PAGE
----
226 The Link Up with Latesha : Reducing Anxiety While Interviewing

On the twenty-sixth installment of The Link Up with Latesha, our incredible host Latesha Byrd, founder of Byrd Career Consulting, offers some helpful advice on how to reduce your anxiety when it comes to interviewing. She talks about the importance of practicing and preparing for an interview beforehand and breaks down the differences between both processes. Check out the show notes to read her piece on Money about how to crush your next virtual job interview!

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Check out Latesha’s Money article on how to ace your next virtual interview.

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TRANSCRIPT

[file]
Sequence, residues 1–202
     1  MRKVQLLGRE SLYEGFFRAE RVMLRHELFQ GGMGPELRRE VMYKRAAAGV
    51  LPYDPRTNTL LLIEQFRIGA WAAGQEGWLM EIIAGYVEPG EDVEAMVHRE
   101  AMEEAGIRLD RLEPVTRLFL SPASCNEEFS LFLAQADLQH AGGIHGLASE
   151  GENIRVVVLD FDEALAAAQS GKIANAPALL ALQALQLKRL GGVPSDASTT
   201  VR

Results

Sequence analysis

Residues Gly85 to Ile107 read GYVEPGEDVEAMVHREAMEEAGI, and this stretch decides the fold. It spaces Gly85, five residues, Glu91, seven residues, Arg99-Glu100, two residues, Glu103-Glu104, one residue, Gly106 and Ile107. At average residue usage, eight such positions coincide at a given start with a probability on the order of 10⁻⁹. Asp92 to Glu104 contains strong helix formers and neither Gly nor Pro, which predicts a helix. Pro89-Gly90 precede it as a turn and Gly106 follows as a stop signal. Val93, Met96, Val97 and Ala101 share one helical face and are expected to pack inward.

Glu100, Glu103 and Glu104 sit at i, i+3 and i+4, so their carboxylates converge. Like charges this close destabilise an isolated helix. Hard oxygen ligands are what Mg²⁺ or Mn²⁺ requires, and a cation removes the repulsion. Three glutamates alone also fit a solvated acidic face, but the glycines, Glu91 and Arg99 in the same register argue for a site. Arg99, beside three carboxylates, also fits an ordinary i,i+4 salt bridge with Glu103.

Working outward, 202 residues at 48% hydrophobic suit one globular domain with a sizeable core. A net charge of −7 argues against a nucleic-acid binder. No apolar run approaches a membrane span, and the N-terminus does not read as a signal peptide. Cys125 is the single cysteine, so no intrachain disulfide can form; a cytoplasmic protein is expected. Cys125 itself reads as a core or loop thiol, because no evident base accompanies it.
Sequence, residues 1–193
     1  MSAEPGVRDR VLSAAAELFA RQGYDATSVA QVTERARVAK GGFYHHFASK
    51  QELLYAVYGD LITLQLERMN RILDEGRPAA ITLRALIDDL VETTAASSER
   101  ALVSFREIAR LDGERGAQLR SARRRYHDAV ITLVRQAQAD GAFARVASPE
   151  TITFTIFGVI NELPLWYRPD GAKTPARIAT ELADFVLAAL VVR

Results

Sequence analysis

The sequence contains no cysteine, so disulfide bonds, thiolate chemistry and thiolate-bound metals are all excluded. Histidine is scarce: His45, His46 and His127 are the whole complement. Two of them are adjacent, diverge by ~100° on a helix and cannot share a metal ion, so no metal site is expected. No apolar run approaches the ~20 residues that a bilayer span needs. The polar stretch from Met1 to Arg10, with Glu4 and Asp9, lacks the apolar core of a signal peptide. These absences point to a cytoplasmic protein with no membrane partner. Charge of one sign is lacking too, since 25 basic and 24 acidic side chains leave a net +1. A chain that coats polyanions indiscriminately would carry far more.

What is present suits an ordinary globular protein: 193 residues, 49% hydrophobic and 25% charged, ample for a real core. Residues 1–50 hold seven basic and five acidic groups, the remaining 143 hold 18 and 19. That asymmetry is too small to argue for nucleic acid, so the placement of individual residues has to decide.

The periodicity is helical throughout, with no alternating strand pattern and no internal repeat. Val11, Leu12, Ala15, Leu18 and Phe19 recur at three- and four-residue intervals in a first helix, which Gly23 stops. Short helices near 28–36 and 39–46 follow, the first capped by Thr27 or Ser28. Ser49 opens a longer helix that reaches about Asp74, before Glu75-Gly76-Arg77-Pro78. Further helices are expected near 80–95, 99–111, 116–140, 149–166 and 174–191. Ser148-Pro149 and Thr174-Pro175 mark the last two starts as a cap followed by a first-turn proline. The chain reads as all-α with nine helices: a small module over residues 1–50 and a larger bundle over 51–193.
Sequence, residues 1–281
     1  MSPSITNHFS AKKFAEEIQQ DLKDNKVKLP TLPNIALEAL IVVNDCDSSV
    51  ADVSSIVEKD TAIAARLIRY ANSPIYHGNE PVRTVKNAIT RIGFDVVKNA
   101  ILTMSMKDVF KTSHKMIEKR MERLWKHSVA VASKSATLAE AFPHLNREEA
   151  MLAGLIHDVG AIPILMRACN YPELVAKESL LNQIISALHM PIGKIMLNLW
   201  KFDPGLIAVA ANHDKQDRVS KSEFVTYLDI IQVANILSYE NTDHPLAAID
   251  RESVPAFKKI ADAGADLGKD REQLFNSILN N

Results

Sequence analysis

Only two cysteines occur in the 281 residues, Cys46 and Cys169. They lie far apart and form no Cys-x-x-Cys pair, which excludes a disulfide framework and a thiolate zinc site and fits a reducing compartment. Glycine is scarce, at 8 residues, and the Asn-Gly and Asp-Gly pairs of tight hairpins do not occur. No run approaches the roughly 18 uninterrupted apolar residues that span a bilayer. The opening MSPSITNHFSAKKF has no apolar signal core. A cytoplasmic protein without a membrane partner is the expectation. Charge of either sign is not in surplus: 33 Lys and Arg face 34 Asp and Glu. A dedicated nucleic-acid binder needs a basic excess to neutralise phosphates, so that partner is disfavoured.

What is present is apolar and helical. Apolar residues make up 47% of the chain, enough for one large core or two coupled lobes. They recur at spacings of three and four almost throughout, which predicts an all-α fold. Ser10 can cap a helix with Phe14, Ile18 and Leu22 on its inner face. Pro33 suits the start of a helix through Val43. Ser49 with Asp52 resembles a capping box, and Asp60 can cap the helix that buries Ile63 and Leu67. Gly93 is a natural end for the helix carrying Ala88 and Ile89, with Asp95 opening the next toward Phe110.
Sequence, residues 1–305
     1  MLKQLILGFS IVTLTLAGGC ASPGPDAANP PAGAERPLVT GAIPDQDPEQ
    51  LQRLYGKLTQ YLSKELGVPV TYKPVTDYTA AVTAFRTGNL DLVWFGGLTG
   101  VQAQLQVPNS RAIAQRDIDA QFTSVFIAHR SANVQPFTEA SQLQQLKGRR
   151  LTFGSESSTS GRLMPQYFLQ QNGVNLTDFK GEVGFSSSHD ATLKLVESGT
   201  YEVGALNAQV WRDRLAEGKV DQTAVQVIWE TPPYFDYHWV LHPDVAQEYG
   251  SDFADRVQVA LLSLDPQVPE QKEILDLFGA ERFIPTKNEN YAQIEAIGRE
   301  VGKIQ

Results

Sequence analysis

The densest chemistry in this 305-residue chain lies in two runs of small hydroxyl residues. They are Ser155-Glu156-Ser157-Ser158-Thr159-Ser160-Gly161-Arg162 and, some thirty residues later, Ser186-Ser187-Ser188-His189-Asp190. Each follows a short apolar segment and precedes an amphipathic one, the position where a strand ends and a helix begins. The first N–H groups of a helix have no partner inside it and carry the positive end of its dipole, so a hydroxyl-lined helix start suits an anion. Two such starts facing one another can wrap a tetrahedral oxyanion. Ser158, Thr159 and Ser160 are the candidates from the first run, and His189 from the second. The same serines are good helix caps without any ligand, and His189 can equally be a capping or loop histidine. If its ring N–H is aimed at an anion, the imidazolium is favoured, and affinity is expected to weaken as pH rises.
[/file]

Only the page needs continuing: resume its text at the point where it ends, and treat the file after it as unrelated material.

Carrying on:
Latesha: Hey, hey. Welcome to another episode of The Link Up with Latesha. It is Saturday. I hope that it is sunny where you are and you are enjoying this warm weather. Please get out and enjoy the sun. Get you some Vitamin D. We spend 99.9% of our times up in the house, so I am planning to get out this weekend and buy some new plants, and you know what? I’m going to figure out a way to actually make grocery shopping exciting, okay? I don’t know what that’s going to be yet, so if you have any ideas let me know, let me know. I want to have a moment of honesty, transparency, with you all. Yesterday I had a deep, ugly cry. Have y’all ever had just a really ugly cry that was necessary? I was feeling overwhelmed, and I made a to-do list–and I do that a lot. If I ever feel overwhelmed with everything in my head, ’cause sometimes a bunch of thoughts get all jumbled and conflicting in my brain and so I have to write it out in my journal or on my whiteboard, and I was overwhelmed because I had so much to do, and I said, “You know what? Make a list, girl. That’s what you always do.” So I made a list, and I was reading through my list, and then Closer came on my Pandora station, you know, the “Closer to my dreams,” that song, and y’all, I just started crying. [laughs] I just started crying because I was looking at the things that I had to do, and it was so impactfuzl and rewarding. The work that I do every day as a coach, as a career coach, as a business coach, you know, as someone that really speaks and focuses on career empowerment, the work that I do is so necessary and vital to so many people, and I just had to take a second to say, “You know what? I am so thankful that these are my worries,” you know? Reaching out to a coaching client, writing an article that’s due, you know? Pitching myself for, you know, a committee to give back to the community. Recording this podcast episode. Like, these were the types of things that I was worried about just getting done, and I just had a moment of relief, and I feel that I–it’s surreal to me, it is. I never thought that, you know, at this young age I would be where I am in life when growing up our worries was about money, you know, and paying the bills, and making, you know–I don’t know how much my mother made as a bus driver, but making that money stretch month to month, and I carried a lot of that emotional weight with me into my adulthood, and so I just had a realization yesterday that “You know what? You don’t have that worry anymore, and what you’re doing is important, and you need to keep going.” I remember the little girl that thought “Man, adulthood sucks,” you know? [laughs] And I love my mother. I’m thankful for how hard she worked to raise me, but I am just overwhelmed with gratitude, that I get to wake up and do the work that I love every single day. It is not something that I take for granted, ever, and, you know, I am inspired by all of you listening to this podcast and to the Living Corporate team for allowing me to be a voice here. So if you have not, during this quarantine, it’s a great time to get still and to think about the things that you are proud of, you know? We all I’m sure have things that we still want to achieve and milestones that we want to hit, but just know that your journey is your journey, and if things don’t make sense right now, I promise that you they will. The struggles, the failures, the heartaches, the nos, the decline emails with these job applications, just know that it is a part of your journey, your testimony, your story, and you’re going to change lives one day–if you have not already. You may already be changing lives and don’t even realize it. So thank you for letting me share that. Again, just this quarantine has allowed me to be more introspective and to really think about what is important to me, and this work that I do is extremely important and necessary. So with that being said–whoo, okay, y’all. I’m trying not to cry. [laughs] But what we’re talking about today is interviewing, but not just interviewing. Interviewing with a twist. For my job seekers out there, for my job hunters out there, whatever you may call yourself. I’m noticing that a lot of us get anxiety, especially when it comes to interviewing. Interviewing… I’ll be honest. It is painful, right? [laughs] I have had some terrible interviews in my day, no lie, but now I get to coach people all the time on how to have great and wonderful interviews. I want to be honest with you all though. I have seen some of the most talented, the most experienced people not get jobs, not because, you know, they don’t meet the qualifications, but because their anxiety takes over and they kill the interview, and I don’t mean kill in a good way, okay? So I want to give you all some advice on how to reduce your anxiety when it comes to interviewing. This is important because I know that this is something we all have struggled with before. Interviewing does get easier over time though. I guarantee you that. I want to promise you that. It will get easier over time. It’s one of those things that takes preparation, a whole lot of preparation, and practice. I read an article online the other day that said we should be spending four hours preparing for an interview. I know that seems like a lot, y’all, but you gotta think of it like this is your one shot and that’s it. There’s a show that I binge, and I really enjoy it actually, and it was a show on Netflix with T.I. and Cardi B and Chance. You know, that show where D. Smoke–D. Smoke is a really dope rapper, and he won this competition. It was a rap competition. It’s kind of like an American Idol, you know, but specifically for rappers, and so it was really funny watching the first couple of episodes. So if you’ve watched, like, American Idol, right, it’s very similar to that. So I was definitely the type of person to watch American Idol, but I would just watch, like, the first couple of episodes each season just to see the terrible auditions, like, the people that thought they could really sing and they would open their voice and it would–it just sounded awful. Y’all know what I’m talking about. [laughs] This show was dope though ’cause there were some really talented artists, but when it came to them auditioning, they would get into that audition and they would fumble. I’m talking about forgetting lyrics, being off-beat, you know? Some people just were bad, okay? [laughs] Some people were just bad, but I do think that a lot of them were super talented, but they did not perform well because the nerves got to them. So this is what happens when we interview. You can be the most talented. You can be the most ambitious, you know, but if your nerves take over, that could ruin the interview. I do want to give you all some hope here though, because you might be thinking, “Man, I ain’t even applying right now because nobody’s hiring. And she’s talking about an interview.” Listen, people reach out to me all of the time on Twitter, on Instagram, even my clients, telling me about interviews that they’ve landed. Companies are still hiring. I want you all to know that. Do not give up on your job search right now. Don’t give up. Companies are still hiring. Companies are still interviewing, and people are out here getting job offers. So if you are in the midst of your job hunt, please continue to keep going. You need to get to that interview, but you need to do two things: you have to practice… you have to practice, [and] you have to prepare. Two totally different things. So let’s talk about the difference before I get into some of these tips on reducing anxiety. Preparing for the interview is reading through the job description, seeing what skills they’re looking for, seeing what experience these companies are looking for, and making sure you have clear alignment between the work that you’ve done, the work that you’re currently doing, with what they are looking for you to do in that specific role. You have to make sure that you are speaking to your most relevant and transferable experience. So if you are applying to a job in, let’s say… hm, let’s say you’re applying to a job in consulting, and consulting is a lot of, you know, solutions, creating solutions, innovative solutions, being able to identify what your client’s problems are, creating these solutions and also delivering these solutions in a way that makes sense to them. So if you have done some type of consulting work in the past, you want to make sure that you have stories you can speak to that specifically relate to how you have helped to solve your client’s problem, okay? Does that make sense? You gotta have relevant examples. So, like, let’s say that you have an example that is about creating a new communications strategy. If that’s not related to that particular role that you are interviewing for, that might not be the best story to go with. So you want to have hero stories. Those hero stories are stories where you have actually came in and you saved the day. Like, there has to be a clear solution at the end of your story that draws back to you creating that specific, tangible, clear result. I have a membership club, Career Chasers Membership Club. I’ll link it in the show notes. I will be opening up membership for it soon. We’ve got a club of over 100 women where each month we have a different theme. This month’s theme is on interviewing, and we are talking about the power of, or the importance of, storytelling in an interviewing. I think everyone should really learn the essence of storytelling. It’ll make you a great communicator. You want to make sure you have captivating stories that your interviewers walk away with and they remember. You want to be remembered for the right things of course. All right, so storytelling. We’re also talking about the importance of executive presence. Someone that has executive presence is Michelle Obama. I loved her Becoming documentary on Netflix. So she is someone that has a lot of executive presence. I mean, when she walks in the room, you just stop and you look because she–you can feel her power, you can feel that just kind of oozing out of her, and so in this membership club, you know, a lot of the ladies were just telling me, like, “I really have a lot of anxiety before I walk into an interview, even if I know I’m a good fit for the job.” So I know that this is something that a lot of us deal with, so let’s go ahead and hop into these tips. #1: if a recruiter calls you for an interview, give yourself some time. Give yourself some time to prepare. You don’t have to drop everything that you’re doing and talk to that interviewer right then and there. You don’t have to drop what you’re doing or reschedule your whole life to talk to the interviewer the next day. My recommendation here is to give yourself 48 hours, 48 hours to prepare, okay? That will give you enough time, hopefully, to go through the job description, pick out your hero stories, research the company, research the interviewers, and, you know, think about the questions that you actually want to ask them. One of my coaching clients during our session a couple weeks ago told me a recruiter called him and said “Hey, I see that you applied for this role. You got a couple minutes to chat?” And he said he was thinking, you know, maybe it’d be–you know, “Sure,” she said. “A couple minutes? I’ll give her a couple minutes,” and he said it turned into a whole 45-minute conversation. It actually turned into an interview, and he said he didn’t want to be rude, you know, and he didn’t want to lose out on getting this opportunity because she had called him. I don’t want you all to put yourself in that type of situation, and so, you know, him and I just kind of talked through “Here’s what to do if this happens again.” #1: You tell them “Thank you so much for the opportunity. I’m extremely excited. I’m bogged down with work at the moment. You know, I have this really big project that I’m working on.” Gas yourself up a little bit when you’re talking to a recruiter and ask them, you know, “Is there another time that you and I can connect?” Schedule it in advance. If you can, try not to schedule it for the next day. 9 times out of 10 the interviewer doesn’t need to interview you right then and there, and if you’re a good candidate for the role, then you showing a commitment to your current job, despite the fact that you are looking for other opportunities, should make a good impression on the recruiter, and it also shows that you are valuable to your organization, because you can’t just drop what you’re doing and talk to him or her. The work you’re doing is too important. So don’t think you need to rush into interviewing with these recruiters, because I know how they can be sometimes. I used to be a recruiter, y’all. [laughs] I know how we can be, and I think it’s so important to make sure that you are protective of your schedule, especially as we are going through a pandemic. So again, tell ’em “Thank you. I’m working on a really big project at work right now. My team needs me. Can we set up another time to connect so I can dedicate myself fully to our conversation?” Don’t think that interviewing sooner or ASAP is going to make you a stronger candidate. What’s going to make you a stronger candidate is being prepared. So that’s my first tip. #2: Make sure you are reviewing Glassdoor. Glassdoor is life. Glassdoor has company reviews, they have reviews about interviews. If you are not familiar with Glassdoor, that basically is a site where people that have worked at these organizations, where they’ve interviewed with these companies, are basically going in and submitting their own personal experiences with the company. Whenever I interview coach a client, we always, always always research Glassdoor before an interview coaching session. That is going to give you some real life experience. And I’ve asked the ladies in my membership club, “Are you all using Glassdoor?” And they said, “Well, sometimes I do, sometimes I don’t.” So make sure every single time you are using Glassdoor. If you have connections at these companies, you want to connect to them prior to your interview. And again, this is why you need 48 hours. If you can get a little bit more, you know, like, 72, do it. [laughs] You need to have conversations with people that work at the company and ask them for advice on interviewing. So make sure that you are finding some connections, getting some advice, and they can tell you, “Oh, okay. You’re interviewing–” Depending on how small the company is, right? If you’re interviewing with a large company like a Wells Fargo, a Facebook, Netflix, like, the person that you know or know of that works there, they may not know that specific person that you are interviewing with, but they can at least give you their feedback on their experience interviewing with the company. So make sure that you are taking time to reach out to people, okay? Oh, the show. The Netflix show is Rhythm + Flow. Rhythm + Flow, y’all. It just came to me. So the next tip here is that all interviews are virtual right now. With that being said, you have got to really understand the essence of virtually interviewing well, especially if you’re a charmer, you’re a people person. You know, when you get in front of someone in person, oh, you can win them over, but virtual interviewing is a whole different game. I actually wrote an article with Money Magazine on how to virtually interview well. I’ll drop that in the show notes as well for you guys, so check that out. And I think that virtual interviews are going to be a thing for a while, I really do. So with that being said, you have no reason to not have a cheat sheet. I know they said you’re not supposed to cheat, [laughs] like, in college and, you know, high school and all that, but hey, you can have a little, you know, something handy next to you when you’re interviewing. What I actually do is whenever I have a media interview, whenever I have a virtual speaking engagement, I have a whiteboard in my office that’s actually facing me, and I have an outline of the things that I want to speak to, you know? Just as a reminder. So whatever works for you, you know? Have a cheat sheet there with you. You don’t have to, you know, read it verbatim, but just little things to remember to speak to this skill set, this specific hero story. I want to make sure I speak on this job. So make it easier for you to interview well virtually. So then my next tip is if you get to a second round interview, third round interview, you want to always go back to the recruiter, the person that you interviewed with first, and you want to ask them for tips on the next round. If you’ve made it to the next round, that means that that person that interviewed you hopefully thought really highly of you and they want to see you do well in that process, so don’t be afraid to reach back out to them and ask them for advice. You want to make it as conversational as possible, so if you can, ask the interviewer questions. And don’t wait until the end to ask questions, ask them questions throughout the interview. For example, if the interviewer asks you why you’re interested in the company, share why of course and then ask them, “How has your experience been here working for this company? What do you like most about working here?” You know? Ask questions at the beginning. Have a little small talk at the beginning. If you can, try to find some common ground, you know? Talk about the weather, you know? Again, just figure out ways to let your personality shine through. It is a two-way street, so make sure you’re interviewing these companies just as much as they are interviewing you. Make sure that you are taking some time to breath during the interview. If you need to on your resume, cheat sheet or whatever you decide to use, remind yourself to take deep breaths throughout the interview. I actually was reading something online that said, you know, you can sigh, you know, if you need to really catch your breath. Just let out a sigh, and it won’t be as obvious as you taking a deep breath. So just remind yourself to breathe. Sometimes I’ll write little reminders on sticky notes and put them beside, you know, or hang them up on my monitor here as little reminders that I need to help me during the day. Other things to do is make sure you listen to things that make you feel good before the interview to really get your energy in the right place and in the right space. Listen to a good playlist to boost your confidence. You know, Beyonce, Meg thee Stallion, whatever [laughs] you listen to that makes you feel good, or find funny videos. TikTok is pretty entertaining. Find things to help you with taking the nerves off a little bit. So I wish you all the best of luck with interviewing. Like I said, keep applying, keep looking. These jobs are out here and they need what you have to offer. All right, y’all, and like I said, I’ll link some information on the membership club. Stay tuned for details about that, and y’all have a wonderful, wonderful weekend. Peace.